By Joanna Bastian
Christina Gibson and her Whiteout Racing Kennel team of sled dogs faced the ultimate test at the recent American Dog Derby: blizzard conditions, poor visibility, isolation on the trail, challenging terrain.
No matter. Gibson’s team powered through two days of daunting conditions to take first place in 8-10 dog class at the competition in Ashton, Idaho – the oldest American dog sled race.
On that weekend of Feb.19-20, not many routes were available to dog sleds or other vehicles. Weather conditions shut down three main highways in eastern Idaho, two of which led into the town of Ashton. The trail was higher and flatter than the terrain the Whiteout Racing Kennel team normally trains on near Libby Creek.
At one point, as wind howled through the trees, blasting the musher and dogs with thick clumps of snow blown from tree limbs, visibility was near zero. Gibson called out to her lead dog: “Farce! Find the trail!”
With the instinct of an experienced racer, Farce sniffed out the route.
The 27.8-mile sprint race is run once a day over two days. Whiteout Racing Kennel finished with a time of 2:30:51 on day one, and 2:56:35 on day two for a total race time of 5:27:26 – 13 minutes ahead of the next team.
This year marks the 104th anniversary of the American Dog Derby. Ashton was the rail terminus for the Yellowstone and Teton Valley branches of the Union Pacific Railroad. In winter, deep snows shut down the railroad. Communities depended on dog sleds for transportation of mail, people and supplies.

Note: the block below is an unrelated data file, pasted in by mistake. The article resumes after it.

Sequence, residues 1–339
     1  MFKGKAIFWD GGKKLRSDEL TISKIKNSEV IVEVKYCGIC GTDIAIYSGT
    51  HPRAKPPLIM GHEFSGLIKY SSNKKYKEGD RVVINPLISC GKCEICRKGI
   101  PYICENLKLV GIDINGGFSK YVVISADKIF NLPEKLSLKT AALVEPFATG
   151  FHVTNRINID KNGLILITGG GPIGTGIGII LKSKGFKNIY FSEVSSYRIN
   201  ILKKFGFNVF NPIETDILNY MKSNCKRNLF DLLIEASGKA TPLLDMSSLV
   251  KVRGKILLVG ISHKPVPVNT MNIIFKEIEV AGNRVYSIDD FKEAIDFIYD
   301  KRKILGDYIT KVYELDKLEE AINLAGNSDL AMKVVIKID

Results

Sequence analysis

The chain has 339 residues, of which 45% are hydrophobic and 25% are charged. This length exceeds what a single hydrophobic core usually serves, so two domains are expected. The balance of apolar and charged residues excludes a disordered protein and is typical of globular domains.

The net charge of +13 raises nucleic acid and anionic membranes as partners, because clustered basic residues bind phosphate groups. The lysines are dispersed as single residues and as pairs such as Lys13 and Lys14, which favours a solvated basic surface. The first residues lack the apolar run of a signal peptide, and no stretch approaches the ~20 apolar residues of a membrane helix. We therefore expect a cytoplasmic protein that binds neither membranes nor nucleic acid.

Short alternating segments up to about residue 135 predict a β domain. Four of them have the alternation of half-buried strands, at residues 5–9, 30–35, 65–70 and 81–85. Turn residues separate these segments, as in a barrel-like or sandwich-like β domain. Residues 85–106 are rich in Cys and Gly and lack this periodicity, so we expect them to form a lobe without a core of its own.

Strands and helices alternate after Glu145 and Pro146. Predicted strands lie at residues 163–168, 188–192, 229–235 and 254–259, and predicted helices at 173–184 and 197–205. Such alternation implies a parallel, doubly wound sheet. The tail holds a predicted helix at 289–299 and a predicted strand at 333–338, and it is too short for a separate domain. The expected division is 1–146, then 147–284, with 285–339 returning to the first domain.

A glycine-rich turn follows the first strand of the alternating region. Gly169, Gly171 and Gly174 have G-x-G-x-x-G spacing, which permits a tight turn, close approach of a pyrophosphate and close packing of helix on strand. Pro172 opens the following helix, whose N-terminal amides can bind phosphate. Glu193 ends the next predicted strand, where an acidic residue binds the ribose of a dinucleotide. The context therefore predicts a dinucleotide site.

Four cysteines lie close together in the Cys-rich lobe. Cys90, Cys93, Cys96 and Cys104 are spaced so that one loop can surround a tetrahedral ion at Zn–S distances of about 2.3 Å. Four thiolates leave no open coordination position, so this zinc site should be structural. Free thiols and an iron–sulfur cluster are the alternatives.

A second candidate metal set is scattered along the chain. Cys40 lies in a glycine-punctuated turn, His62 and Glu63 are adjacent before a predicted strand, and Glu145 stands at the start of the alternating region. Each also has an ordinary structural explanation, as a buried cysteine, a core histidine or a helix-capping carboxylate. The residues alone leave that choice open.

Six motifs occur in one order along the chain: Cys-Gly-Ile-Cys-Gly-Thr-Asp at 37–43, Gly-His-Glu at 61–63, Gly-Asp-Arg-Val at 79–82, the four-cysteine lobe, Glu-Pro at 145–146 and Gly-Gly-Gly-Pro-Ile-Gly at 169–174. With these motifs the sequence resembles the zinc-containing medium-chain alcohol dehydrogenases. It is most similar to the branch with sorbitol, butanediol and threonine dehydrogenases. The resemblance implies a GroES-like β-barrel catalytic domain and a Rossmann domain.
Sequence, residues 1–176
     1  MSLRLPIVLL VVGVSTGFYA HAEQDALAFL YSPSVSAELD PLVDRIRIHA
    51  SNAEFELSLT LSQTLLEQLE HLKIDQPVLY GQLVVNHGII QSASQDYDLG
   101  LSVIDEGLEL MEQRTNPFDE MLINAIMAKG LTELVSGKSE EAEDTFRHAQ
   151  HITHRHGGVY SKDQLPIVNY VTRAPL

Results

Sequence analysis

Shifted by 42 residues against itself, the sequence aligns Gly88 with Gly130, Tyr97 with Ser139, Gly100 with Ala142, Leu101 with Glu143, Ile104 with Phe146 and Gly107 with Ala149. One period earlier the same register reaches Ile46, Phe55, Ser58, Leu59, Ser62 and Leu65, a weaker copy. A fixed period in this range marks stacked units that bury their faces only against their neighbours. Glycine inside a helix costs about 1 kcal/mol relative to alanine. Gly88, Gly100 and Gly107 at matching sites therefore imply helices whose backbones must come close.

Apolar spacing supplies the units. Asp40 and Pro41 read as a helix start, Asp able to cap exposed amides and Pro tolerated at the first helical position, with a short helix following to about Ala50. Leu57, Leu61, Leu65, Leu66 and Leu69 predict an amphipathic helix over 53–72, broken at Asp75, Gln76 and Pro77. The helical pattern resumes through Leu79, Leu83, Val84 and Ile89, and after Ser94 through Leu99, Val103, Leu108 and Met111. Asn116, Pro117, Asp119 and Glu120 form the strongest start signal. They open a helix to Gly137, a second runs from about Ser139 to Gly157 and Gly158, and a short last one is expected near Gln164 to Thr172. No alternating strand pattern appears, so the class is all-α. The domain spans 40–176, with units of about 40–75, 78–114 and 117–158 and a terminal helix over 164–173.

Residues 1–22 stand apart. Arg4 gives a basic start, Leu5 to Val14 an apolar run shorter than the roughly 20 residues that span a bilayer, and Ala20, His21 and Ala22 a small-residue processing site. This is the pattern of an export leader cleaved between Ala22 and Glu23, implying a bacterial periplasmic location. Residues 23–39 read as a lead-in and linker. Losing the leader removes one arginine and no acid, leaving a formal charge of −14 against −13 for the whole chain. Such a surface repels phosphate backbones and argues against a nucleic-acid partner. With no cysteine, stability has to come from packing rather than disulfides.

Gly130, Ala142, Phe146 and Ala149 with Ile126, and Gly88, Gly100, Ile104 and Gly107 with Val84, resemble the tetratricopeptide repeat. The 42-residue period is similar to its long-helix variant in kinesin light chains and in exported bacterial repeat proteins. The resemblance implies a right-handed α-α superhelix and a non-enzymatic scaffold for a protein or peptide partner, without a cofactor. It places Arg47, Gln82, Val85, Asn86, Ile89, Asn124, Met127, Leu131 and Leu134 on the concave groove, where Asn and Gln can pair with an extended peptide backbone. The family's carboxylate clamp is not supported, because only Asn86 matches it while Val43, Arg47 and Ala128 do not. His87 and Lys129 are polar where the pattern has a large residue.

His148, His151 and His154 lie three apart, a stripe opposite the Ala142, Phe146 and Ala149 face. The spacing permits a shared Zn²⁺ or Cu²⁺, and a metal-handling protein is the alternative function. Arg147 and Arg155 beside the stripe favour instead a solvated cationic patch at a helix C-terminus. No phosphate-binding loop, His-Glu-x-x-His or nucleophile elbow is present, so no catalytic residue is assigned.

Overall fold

As the terminus, Ashton became known for dog sled teams and mushers that were international celebrities. This year, due to big storms and COVID-19, the start of the race was moved to an area outside of town with limited parking, reducing the number of spectators that usually attend the races.
For Gibson and the Whiteout Racing Kennel team, it was their first time competing in the American Dog Derby.
“This race is always at same time as other big races,” Gibson said – the big races being the Eagle Cap Extreme, Idaho Sled Dog Challenge, and Race to the Sky. This year, due to COVID-19, those big races were all canceled. The American Dog Derby had the flexibility to offer a secluded and safe race route, and remained open for competitors this year.
“The mushing community is spread out. Most of a musher’s time is spent with dogs alone in the woods,” Gibson said. “We only see each other a few times a year at races. No one was expecting to see each other this year. I love racing and chasing down teams with my best friends, it was super special to see everybody in the mushing community.”
The dog team consisted of Farce and Nellie in lead position, followed by Rubicon, Steamer, Sadie, Bogus, Sike, Bear, Bosun and Freckles.
This was a milestone race for two of the dogs.
Rubicon finished day two in the lead position. Rubicon is 5 years old, and shaping up to be a lead dog.
Freckles has been a lead dog since 2016. “She was my first longer-distance racing dog I bought,” said Gibson. “She is a brilliant trail dog.”
The American Dog Derby was Freckles’ last race. At 9 years old, Freckles is ready to retire to a sunny couch in Gibson’s home.